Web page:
This is the 14th in a continuing series about our trip through Canada to Alaska
In the Broadway play, “Oklahoma,” the song “Everything’s Up to Date in Kansas City” mentions, “You can walk to the privy in the rain and never wet your feet.” I harkened back to those days while here, with two changes: the privies are in the quaint stores and you can’t cross the wet streets without getting a line of mud up the back of your legs.
There’s lots to experience here; too much to see to get it all done in a day. Our group paused here for two-and-a-half days, and we are leaving with things that we still wanted to see. The history and historic sights in town are truly interesting, from the dredge to the “kissing” buildings.
From 1897-99, mining flourished. Since then, as the price of gold fluctuated and mining technology improved, there have been several revivals of the industry, and over the past 113 years, the population has gone from as few as 50 residents up to 60,000. The street along the foothills is 8th Avenue, but at its height (literally), it went to 19th, up and over the hill.
In the summer of 1898, Dawson City became the largest city west of Winnipeg and north of San Francisco. That’s despite the fact that 100,000 sourdoughs left their homes in hopes of striking it rich, but only 30,000 made it to the Klondike. Some 88 percent of the gold in the
Yukon comes from the Dawson area, and the Klondike became the fourth largest gold producer in the world.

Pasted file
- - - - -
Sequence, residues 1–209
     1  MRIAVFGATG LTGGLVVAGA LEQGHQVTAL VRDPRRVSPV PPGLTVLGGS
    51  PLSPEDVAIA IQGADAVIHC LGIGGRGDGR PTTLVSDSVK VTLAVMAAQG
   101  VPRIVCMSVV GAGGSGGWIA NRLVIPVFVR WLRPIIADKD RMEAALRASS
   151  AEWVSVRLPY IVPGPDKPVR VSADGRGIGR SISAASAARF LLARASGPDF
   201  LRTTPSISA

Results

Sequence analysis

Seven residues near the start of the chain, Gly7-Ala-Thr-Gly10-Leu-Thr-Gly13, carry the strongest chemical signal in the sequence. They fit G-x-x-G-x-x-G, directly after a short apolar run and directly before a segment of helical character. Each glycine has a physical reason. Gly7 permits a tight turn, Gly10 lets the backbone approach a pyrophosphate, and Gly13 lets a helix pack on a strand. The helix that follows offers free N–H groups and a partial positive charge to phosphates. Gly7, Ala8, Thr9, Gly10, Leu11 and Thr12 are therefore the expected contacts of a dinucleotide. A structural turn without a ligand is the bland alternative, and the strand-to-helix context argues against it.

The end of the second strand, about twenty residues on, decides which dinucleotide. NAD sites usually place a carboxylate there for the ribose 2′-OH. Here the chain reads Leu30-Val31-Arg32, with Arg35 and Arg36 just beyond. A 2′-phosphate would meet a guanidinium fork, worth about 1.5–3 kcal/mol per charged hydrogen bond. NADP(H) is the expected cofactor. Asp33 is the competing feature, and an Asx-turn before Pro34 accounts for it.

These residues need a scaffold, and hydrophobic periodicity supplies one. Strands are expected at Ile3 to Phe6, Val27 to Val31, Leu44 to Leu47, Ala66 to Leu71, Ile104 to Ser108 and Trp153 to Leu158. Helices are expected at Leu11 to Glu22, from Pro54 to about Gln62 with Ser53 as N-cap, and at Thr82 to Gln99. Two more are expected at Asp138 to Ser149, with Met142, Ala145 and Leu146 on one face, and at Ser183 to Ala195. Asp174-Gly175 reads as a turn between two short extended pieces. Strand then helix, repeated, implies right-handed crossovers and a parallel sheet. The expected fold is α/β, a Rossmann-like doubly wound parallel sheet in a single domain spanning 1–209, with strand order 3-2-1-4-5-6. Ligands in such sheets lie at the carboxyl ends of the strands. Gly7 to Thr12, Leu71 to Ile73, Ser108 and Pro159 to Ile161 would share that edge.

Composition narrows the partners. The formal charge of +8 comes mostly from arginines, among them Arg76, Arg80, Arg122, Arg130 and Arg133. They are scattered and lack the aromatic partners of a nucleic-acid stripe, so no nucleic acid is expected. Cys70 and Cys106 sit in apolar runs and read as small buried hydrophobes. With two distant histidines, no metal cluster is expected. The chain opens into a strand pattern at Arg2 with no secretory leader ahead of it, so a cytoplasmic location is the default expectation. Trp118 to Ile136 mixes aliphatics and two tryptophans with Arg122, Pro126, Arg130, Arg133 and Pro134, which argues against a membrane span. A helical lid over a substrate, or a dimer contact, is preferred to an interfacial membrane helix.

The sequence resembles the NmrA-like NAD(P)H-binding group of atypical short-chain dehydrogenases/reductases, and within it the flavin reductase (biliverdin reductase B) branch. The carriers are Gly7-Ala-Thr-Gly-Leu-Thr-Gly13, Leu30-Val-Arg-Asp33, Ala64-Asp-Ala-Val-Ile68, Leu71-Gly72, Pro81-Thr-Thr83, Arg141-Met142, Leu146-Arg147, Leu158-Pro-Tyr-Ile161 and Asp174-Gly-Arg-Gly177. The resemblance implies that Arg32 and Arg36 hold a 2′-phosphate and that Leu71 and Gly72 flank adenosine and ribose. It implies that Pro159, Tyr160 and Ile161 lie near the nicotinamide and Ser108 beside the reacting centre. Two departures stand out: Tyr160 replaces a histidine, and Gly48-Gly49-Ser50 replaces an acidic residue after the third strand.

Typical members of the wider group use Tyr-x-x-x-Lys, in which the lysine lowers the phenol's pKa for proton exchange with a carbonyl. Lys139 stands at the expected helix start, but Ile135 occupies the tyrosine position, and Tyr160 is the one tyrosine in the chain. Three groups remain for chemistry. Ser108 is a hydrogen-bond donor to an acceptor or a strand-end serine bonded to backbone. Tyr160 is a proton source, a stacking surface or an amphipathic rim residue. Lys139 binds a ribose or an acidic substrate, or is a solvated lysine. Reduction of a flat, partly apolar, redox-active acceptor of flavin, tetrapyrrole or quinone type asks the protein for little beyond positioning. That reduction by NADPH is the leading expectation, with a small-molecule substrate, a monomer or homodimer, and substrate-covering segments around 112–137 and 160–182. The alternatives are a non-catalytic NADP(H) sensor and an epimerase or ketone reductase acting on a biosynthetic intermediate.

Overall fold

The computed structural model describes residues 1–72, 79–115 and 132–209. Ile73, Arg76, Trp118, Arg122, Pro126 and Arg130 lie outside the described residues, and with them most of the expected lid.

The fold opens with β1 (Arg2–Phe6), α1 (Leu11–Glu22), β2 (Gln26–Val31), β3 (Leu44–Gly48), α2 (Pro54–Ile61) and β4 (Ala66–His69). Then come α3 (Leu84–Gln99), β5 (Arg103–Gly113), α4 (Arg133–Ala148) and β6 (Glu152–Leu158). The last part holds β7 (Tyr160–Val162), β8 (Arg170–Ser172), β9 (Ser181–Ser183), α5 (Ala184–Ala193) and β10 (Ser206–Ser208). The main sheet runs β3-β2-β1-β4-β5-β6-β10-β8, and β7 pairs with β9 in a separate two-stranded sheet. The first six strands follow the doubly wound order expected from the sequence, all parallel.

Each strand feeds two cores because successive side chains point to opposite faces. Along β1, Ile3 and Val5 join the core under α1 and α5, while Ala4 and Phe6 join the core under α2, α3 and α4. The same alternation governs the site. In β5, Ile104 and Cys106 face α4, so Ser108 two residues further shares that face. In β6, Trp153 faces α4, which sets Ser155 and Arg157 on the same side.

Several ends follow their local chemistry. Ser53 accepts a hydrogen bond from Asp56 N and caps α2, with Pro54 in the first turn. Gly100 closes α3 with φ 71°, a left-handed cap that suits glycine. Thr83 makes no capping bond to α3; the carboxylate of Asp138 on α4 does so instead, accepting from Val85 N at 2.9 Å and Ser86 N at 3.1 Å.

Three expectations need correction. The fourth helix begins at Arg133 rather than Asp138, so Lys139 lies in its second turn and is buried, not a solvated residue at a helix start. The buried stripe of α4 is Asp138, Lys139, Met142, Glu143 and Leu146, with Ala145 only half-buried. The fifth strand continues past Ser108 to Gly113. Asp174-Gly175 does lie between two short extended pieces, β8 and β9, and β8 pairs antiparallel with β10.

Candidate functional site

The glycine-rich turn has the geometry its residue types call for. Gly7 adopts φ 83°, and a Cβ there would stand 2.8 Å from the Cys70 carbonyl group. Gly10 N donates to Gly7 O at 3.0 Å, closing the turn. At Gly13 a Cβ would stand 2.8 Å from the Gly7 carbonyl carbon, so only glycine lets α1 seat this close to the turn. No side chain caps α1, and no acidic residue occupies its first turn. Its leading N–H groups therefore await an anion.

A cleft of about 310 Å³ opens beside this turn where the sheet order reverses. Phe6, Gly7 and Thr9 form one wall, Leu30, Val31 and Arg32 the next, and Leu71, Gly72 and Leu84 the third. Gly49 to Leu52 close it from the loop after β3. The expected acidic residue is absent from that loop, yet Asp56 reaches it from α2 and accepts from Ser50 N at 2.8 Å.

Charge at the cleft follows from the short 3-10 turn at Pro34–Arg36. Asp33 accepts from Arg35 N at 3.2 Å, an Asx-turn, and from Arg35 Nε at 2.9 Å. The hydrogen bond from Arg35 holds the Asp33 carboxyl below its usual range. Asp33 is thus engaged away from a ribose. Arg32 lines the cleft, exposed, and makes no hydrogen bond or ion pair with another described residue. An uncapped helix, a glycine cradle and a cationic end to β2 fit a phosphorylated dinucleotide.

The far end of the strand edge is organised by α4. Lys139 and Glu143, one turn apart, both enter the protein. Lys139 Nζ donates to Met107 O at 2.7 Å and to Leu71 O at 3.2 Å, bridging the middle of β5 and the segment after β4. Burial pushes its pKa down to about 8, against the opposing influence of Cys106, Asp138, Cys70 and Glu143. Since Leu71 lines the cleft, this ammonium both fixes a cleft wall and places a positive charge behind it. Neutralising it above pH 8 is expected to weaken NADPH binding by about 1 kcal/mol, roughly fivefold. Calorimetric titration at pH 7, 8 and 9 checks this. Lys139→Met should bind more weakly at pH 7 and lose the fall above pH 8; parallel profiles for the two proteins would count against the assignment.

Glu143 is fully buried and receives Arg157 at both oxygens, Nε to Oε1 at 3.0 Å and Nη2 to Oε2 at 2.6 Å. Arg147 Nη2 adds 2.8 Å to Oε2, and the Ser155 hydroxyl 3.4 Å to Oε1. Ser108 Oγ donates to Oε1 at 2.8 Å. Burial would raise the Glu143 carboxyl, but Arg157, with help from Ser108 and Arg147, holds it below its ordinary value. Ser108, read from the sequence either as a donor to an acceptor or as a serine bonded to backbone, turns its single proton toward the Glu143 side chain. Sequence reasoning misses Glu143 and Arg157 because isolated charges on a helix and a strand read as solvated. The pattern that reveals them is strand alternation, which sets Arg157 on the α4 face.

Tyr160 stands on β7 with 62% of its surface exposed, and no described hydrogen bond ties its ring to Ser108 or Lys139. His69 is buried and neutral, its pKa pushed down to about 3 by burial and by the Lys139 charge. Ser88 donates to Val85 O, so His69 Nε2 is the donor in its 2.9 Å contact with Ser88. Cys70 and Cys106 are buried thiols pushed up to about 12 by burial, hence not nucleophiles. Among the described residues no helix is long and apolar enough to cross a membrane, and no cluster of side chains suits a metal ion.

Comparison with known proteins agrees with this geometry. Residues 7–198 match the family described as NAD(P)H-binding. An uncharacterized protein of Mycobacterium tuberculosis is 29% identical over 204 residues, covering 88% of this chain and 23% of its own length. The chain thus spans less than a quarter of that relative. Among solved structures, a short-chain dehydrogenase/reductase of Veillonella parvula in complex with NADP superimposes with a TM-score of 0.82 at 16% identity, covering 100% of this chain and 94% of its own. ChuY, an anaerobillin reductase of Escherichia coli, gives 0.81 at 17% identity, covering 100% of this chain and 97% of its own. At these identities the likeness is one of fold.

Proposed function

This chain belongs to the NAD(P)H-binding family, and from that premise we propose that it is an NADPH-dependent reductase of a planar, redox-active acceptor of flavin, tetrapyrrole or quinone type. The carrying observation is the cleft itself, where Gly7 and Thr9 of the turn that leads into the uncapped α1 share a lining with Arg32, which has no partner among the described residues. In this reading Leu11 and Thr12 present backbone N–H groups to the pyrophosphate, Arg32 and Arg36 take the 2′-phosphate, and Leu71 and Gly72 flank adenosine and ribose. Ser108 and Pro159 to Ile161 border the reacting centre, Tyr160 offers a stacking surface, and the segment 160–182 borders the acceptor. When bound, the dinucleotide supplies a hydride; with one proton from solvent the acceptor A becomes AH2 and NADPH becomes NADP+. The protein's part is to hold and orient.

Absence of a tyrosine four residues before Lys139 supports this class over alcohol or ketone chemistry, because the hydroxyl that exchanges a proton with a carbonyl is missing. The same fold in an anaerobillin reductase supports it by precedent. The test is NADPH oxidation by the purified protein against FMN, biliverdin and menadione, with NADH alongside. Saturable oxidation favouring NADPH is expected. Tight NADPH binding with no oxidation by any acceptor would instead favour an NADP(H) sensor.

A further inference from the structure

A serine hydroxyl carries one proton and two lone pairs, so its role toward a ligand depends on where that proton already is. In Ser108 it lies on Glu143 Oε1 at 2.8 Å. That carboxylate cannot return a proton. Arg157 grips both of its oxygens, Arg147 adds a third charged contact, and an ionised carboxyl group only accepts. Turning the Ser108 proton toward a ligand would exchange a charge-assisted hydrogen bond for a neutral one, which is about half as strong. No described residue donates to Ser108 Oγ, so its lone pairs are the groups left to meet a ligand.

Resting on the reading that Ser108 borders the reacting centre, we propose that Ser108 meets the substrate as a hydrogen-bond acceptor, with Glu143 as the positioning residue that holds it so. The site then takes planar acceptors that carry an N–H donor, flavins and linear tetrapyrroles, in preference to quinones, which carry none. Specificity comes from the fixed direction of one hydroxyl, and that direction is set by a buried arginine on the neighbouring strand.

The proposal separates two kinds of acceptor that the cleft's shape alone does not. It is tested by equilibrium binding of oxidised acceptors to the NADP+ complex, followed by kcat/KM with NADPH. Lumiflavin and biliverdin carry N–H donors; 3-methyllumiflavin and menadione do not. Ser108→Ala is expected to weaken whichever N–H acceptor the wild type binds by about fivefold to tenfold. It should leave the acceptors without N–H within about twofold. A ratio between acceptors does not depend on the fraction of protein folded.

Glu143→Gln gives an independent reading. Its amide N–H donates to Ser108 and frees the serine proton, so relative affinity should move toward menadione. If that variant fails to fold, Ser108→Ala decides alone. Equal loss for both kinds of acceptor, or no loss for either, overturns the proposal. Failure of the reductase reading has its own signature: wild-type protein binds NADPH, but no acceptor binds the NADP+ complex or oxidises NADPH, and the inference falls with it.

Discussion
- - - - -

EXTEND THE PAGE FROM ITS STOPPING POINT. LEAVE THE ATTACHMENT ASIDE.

Big-time gold prospecting was done with dredges that inched their way along creeks of the Klondike plying their course until the early 1960s, leaving mounds of “tailings,” piles of rocks churned up by the behemoth machines looking for precious gold.
More of a glimpse of the story of today’s Dawson City, Yukon Territory.
This warehouse is one of Dawson’s numerous storehouses in 1898, which “provided the lifeblood” for the city. For four months a year, the Yukon was open for shipping “and in the ensuing flurry of activity, the warehouses were loaded with every conceivable item … Over the next eight months, virtually cut off from the rest of the world, Dawson City drew on these supplies to satisfy the needs and wants of a modern metropolis.” Nowadays, when the cold comes, about 2,000 people or half of the town’s population, head south for the winter. The others brave temperatures as low as 60 below. Don’t even think about RVing in the winter, unless you have eight huskies along.
[In rereading what I’ve written so far, I realize it sounds very bloggy, full of information you don’t really need to know. What I hope you get out of it, however, is that there is so much history, so much variety, just a wealth of fascinating stuff everywhere.]
More thoughts about visiting and RVing in the area. We’ve been caravanning for 20 days, awaiting the onslaught of bad roads and mosquitoes. I’ve written about the roads often – there have been bad spots, but not as bad as we expected.
And from the comments to Part XIII, we know that what’s coming up promises to be far worse. Yesterday on a not-very-bad portion of the road, a rock hit a back side window in RV #11 shattering the glass. Strange, but those things happen.